LINGUIST List 2.575

Fri 27 Sep 1991

Disc: Mice and Mouses

Editor for this issue: <>


  1. Bill Poser, plurals
  2. Allan C. Wechsler, 2.559 Mouses
  3. Margaret Fleck, of mice and mouses

Message 1: plurals

Date: Wed, 25 Sep 91 12:27:48 -0700
From: Bill Poser <>
Subject: plurals
I am astounded by the contention that computer mice have the plural
"mouses". I don't think that I have ever heard "mouses" instead of
"mice", and I inhabit a computer-intensive world in which mice
are a frequent topic of conversation. Is this a geographic division,
or one between computer people and others? Who says "mouses"?
Indeed, in a certain milieu there has been a fashion of extending the
-en plural. Thus, we have the following singular/plural pairs:
 VAX (Digital Equipment computer line) VAXen
 Chipmunk (HP 9836 computer) Chipmunken
 Macintosh Macintoshen
 BLIT (AT&T intelligent terminal) BLITzen
 (the //z// is NOT a typo)
and box^boxen, where "box" means workstation, as in
"In our lab we have various UNIX boxen."
For me, these are so well established that the -s plural is
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Message 2: 2.559 Mouses

Date: Wed, 25 Sep 1991 15:42-0400
From: Allan C. Wechsler <ACWYUKON.SCRC.Symbolics.COM>
Subject: 2.559 Mouses
 Date: Wed, 25 Sep 1991 12:24 EDT
 From: The Linguist List
 Date: Mon, 23 Sep 91 16:28:48 EDT
 From: elc9jprime.acc.Virginia.EDU
 Subject: 2.552 Responses: macs, needs, being, roles
 With respect to "mouses" (computer) vs. "mice" (rodent). Note that
 the plural of "walkman" is "walkmans", not "walkmen". On the other
 hand, the plural of "workman" is "workmen". The irregular plurals seems
 more closely tied to the original, literal meaning, whereas the newer,
 more metaphorical meaning allows the more productive plural.
 -Ellen Contini-Morava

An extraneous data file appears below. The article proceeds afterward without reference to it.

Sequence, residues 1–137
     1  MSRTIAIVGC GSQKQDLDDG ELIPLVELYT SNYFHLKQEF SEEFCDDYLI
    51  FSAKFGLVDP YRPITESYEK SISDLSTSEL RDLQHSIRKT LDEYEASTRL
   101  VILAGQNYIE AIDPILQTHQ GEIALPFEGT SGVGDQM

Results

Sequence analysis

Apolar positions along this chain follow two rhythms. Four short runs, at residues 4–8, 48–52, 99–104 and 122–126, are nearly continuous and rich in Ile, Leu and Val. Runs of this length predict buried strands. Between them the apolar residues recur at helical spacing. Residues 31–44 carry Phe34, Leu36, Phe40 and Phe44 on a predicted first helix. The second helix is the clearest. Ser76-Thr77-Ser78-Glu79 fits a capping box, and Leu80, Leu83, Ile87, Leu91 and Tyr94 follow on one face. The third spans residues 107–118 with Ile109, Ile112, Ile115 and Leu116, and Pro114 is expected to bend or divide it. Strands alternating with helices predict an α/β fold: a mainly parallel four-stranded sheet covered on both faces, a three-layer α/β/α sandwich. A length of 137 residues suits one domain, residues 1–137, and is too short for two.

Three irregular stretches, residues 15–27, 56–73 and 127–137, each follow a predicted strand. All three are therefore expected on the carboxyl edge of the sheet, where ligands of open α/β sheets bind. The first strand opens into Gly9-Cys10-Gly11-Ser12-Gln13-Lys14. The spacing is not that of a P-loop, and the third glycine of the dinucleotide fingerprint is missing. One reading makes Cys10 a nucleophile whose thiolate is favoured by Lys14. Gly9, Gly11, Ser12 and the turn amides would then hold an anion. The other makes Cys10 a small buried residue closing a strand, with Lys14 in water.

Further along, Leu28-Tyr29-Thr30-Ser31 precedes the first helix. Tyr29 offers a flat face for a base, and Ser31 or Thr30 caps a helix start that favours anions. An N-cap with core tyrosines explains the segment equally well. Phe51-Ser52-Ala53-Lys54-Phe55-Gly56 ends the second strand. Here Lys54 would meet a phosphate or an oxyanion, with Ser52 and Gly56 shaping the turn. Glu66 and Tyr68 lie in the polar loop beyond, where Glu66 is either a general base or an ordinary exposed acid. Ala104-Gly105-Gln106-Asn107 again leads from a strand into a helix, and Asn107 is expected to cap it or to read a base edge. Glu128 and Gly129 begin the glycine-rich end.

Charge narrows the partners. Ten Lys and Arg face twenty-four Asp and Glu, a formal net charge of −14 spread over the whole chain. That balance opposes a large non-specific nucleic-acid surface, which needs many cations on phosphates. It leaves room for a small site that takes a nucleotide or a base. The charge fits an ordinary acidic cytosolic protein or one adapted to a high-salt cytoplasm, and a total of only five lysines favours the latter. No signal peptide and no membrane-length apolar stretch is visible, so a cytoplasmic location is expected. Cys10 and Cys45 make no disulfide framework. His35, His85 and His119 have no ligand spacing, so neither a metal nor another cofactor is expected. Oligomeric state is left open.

In "Hacker English", the jargon of computerphiles that has radiated from
a few universities in recent years, and of which I fancy myself a native
speaker (MIT 1974-1982), there is a marked preference for irregular
plurals. I never hear pointing devices, in the plural, called anything
except "mice"; and the plural of "spouse" is frequently "spice". Plural
DEC 11/780's are frequently called "vaxen", and the plural of "bignum"
(roughly, an integer bigger than a single memory word can hold) is
An unrelated chuckle:
Natasha: Ve need a safecracker!
Boris: Ve already got a safecracker?
Natasha: Ve do? Whom?
Boris: Meem, dat's whom!
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Message 3: of mice and mouses

Date: Wed, 25 Sep 91 18:33:32 -0500
From: Margaret Fleck <>
Subject: of mice and mouses
There may be dialect variation in the plural of "mouse." In the computer
science communities I've worked in, the plural was "mice" even if it
was made of metal and plastic. Then again, I have a pair of plurals for
another item: "indices" are the little numbers that hang onto variables
in mathematics, but "indexes" (or perhaps "indices") are the things
that occupy so many pages at the back of books.
Margaret Fleck
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